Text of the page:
deploying a Bitcoin node using Terraform and ansible-pull

deploying a Bitcoin node using Terraform and ansible-pull

Update - 2017-11-23 - I’ve updated the bitcoin-node repository to also include Terraform instructions on deploying to Google Cloud.

This was a fun one; in an attempt to keep deployment instructions super simple, I dug into ansible-pull a bit. I kind of liked it. Using ansible-pull, triggered by Terraform and an AWS User Data shell script, a Bitcoin full node can be deployed using a single terraform apply.


The goal here was simple; deploy a full Bitcoin node, for additional network capacity. There are good reasons to run a full Bitcoin node, and this post aims at supporting the deployment of a node. I’ve historically done something like this by provisioning infrastructure through Terraform and then running an Ansible playbook. Often times that involves deploying VPNs, automating SSH key gatheringWhich can turn into a mess of steps, as some of my playbooks have devolved into. I mean, it’s nice to carve up the tasks into very order specific tasks, but sometimes, a single command is all that’s needed.

And that’s what this Github project does. It combines Terraform and ansible-pull to automate the deployment of a Bitcoin node with (esentially) a single command. I had always tracked the pull functionality of Ansible, but I’ve never really USED it. So here it is.

notes on Terraform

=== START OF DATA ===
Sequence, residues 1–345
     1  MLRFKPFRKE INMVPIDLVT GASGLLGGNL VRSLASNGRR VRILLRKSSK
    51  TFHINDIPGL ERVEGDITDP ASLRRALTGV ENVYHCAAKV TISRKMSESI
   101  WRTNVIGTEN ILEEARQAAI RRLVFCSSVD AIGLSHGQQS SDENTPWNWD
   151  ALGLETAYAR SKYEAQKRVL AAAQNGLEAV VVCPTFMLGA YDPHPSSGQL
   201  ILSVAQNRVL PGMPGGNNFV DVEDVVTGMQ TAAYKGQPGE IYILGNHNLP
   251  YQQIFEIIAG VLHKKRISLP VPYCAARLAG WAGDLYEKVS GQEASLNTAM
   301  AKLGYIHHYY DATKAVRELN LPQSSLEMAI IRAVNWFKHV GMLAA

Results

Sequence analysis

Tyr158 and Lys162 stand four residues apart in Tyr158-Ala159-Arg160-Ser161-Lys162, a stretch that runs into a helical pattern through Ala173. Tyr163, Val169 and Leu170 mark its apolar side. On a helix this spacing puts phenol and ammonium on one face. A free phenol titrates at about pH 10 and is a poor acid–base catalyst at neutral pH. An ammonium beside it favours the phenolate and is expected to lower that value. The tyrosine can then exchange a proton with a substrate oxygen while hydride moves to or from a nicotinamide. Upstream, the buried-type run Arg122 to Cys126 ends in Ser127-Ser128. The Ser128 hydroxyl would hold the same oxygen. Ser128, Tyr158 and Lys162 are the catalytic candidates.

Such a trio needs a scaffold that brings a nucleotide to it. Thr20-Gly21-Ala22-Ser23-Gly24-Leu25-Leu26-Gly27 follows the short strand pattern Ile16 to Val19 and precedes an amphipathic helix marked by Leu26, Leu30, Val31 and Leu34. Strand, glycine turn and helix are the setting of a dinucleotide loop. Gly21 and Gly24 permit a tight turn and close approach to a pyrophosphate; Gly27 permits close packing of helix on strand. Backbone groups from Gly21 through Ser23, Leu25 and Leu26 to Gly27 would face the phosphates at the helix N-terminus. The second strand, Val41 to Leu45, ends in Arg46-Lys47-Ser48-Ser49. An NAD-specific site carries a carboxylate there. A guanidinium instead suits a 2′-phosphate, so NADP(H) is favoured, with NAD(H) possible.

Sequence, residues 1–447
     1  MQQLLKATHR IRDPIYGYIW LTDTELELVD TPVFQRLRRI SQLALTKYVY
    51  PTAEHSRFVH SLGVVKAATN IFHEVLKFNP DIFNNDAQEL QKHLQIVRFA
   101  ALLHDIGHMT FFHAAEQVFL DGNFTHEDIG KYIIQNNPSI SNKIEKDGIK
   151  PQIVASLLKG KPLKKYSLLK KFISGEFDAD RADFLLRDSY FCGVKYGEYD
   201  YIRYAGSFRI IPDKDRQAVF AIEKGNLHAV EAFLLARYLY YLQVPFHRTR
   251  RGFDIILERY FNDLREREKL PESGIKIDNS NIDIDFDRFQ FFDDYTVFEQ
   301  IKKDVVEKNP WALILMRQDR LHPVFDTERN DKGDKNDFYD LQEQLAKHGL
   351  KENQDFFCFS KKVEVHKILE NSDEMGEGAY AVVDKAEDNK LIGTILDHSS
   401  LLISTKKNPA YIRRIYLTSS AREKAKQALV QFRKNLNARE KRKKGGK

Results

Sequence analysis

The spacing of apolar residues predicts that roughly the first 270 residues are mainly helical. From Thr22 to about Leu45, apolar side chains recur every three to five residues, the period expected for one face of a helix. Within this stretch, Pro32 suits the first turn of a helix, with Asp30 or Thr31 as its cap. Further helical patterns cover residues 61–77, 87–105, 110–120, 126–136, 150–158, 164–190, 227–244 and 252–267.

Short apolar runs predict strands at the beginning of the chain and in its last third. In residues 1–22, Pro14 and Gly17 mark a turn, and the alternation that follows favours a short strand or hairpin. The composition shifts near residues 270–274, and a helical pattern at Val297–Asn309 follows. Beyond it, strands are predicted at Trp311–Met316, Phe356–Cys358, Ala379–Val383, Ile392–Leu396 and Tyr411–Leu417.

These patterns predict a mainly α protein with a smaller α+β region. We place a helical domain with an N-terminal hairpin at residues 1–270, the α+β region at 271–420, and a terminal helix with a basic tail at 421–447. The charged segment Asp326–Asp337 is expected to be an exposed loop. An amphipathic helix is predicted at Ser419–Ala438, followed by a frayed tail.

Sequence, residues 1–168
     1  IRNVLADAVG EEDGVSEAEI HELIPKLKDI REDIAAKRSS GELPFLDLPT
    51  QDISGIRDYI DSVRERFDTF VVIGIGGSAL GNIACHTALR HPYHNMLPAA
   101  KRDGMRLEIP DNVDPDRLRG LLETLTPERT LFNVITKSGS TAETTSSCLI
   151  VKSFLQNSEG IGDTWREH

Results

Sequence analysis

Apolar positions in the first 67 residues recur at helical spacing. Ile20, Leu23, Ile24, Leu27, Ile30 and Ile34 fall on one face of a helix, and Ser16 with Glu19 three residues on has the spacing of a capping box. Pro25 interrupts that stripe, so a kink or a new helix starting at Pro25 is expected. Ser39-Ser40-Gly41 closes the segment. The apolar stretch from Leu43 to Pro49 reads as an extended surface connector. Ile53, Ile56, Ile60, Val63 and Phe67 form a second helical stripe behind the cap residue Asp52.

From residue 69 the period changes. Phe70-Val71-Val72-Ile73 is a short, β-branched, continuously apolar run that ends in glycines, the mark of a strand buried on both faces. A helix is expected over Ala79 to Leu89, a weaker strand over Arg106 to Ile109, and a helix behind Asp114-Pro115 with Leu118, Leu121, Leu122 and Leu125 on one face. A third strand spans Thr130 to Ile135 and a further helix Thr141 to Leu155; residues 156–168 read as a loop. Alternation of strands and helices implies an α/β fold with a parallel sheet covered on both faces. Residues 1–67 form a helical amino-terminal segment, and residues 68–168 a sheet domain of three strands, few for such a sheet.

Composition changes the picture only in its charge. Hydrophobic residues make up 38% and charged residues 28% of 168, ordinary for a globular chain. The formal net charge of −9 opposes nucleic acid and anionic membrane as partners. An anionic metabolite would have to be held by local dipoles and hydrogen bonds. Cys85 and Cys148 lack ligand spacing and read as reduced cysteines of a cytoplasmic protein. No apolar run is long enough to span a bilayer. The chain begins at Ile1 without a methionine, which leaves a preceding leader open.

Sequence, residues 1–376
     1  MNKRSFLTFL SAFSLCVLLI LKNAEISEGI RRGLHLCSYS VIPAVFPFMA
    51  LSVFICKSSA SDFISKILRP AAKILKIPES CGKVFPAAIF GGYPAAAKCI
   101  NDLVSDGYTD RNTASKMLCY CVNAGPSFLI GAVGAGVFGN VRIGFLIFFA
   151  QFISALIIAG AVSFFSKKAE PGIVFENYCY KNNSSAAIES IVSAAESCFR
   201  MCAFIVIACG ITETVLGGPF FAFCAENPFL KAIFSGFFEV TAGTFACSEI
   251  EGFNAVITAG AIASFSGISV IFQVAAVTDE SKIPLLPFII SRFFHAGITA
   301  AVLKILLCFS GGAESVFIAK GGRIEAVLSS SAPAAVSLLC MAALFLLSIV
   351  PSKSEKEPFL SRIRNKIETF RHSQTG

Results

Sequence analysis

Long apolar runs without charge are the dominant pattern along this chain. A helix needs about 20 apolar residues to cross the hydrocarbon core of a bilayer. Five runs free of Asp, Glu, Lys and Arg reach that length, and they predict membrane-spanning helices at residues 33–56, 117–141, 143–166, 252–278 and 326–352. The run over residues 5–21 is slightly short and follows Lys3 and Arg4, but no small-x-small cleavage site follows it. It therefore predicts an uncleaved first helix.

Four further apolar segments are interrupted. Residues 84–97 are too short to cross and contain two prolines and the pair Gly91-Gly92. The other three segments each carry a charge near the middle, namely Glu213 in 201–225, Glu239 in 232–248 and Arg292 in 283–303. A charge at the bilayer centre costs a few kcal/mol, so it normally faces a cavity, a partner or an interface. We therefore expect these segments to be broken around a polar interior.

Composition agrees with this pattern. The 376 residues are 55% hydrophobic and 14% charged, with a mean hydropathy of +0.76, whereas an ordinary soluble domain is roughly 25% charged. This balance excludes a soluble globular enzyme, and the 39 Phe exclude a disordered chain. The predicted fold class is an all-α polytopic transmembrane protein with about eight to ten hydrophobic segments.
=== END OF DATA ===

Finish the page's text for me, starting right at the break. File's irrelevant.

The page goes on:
The Terraform section is pretty straightforward. It deploys a VPC, subnets, an Internet Gateway, and a single t2.micro instance with 250 GB disk space. It launches the script to kick off the Ansible playbook using ansible-pull.

Running is pretty straightforward. Download and install Terraform (tested with 0.10.x, should work with 0.11.x…). Set the AWS access and secret keys, and kick off Terraform:

terraform init
terraform plan
terraform apply

In a few minutes that instance will be sweating as it catches up to the latest block on the Bitcoin blockchain!

thoughts on ansible-pull

Ansible-pull is pretty neat and amazingly simple. It literally:

  • Pulls a git repo
  • Runs an Ansible playbook in that repo

That’s it. If no playbook is specified, it defaults to <hostname>.yml or local.yml. If you pass in a playbook it runs that. It accepts your classic Ansible parameters. In this particular example, Terraform is launching an instance with an AWS User Data script, which kicks off the Ansible playbook:

HOME=/root ansible-pull -d /opt/bitcoin-node -U /opt/bitcoin-node/ansible/bitcoin_node.yml >> /var/log/ansible-pull.log

The HOME=/root was needed, due to a funky Ansible bug and the $HOME variable. But still, simple:

  • -d specifies the directory to run in
  • -U specifies the repository
  • the final parameter is the playbook.

In this, I specify the playbook to run. If using ansible-pull for managing many systems with a single repository, it might be better to use the default playbook scheme, where it attempts to load the <hostname>.yml playbook.


I really liked this for a simple deployment. Simple and effective. For configuration management, I could see configuring a systemd timer or cron job. I also wonder how effective it would be with something like CircleCI or Travis CI or some other automated build/deployment tool.

Where it falls down is where the Ansible push model excels: order of operations and orchestration of starting/stopping systems. Sometimes, system A needs to start before system B. With this git pull model, it’s trickier to get a system to execute now.

Regardless, a really nice feature when teamed up with Terraform and AWS User Data. I anticipate using it further.